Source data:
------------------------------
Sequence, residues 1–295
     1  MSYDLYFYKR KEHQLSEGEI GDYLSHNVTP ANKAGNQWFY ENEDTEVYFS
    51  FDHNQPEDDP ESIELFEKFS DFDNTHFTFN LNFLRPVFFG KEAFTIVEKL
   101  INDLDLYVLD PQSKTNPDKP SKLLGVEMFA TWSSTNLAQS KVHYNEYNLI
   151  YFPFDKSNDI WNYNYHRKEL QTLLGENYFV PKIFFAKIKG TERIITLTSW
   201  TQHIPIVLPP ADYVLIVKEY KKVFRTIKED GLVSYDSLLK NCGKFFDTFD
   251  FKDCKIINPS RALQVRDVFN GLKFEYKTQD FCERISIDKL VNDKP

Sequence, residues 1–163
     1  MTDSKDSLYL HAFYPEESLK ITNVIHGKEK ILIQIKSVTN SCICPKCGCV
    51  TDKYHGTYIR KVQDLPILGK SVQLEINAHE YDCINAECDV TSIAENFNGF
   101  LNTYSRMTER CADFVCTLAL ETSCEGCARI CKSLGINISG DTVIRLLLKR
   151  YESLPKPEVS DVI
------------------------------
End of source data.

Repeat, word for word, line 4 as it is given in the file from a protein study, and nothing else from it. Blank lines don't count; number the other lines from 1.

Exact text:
   101  INDLDLYVLD PQSKTNPDKP SKLLGVEMFA TWSSTNLAQS KVHYNEYNLI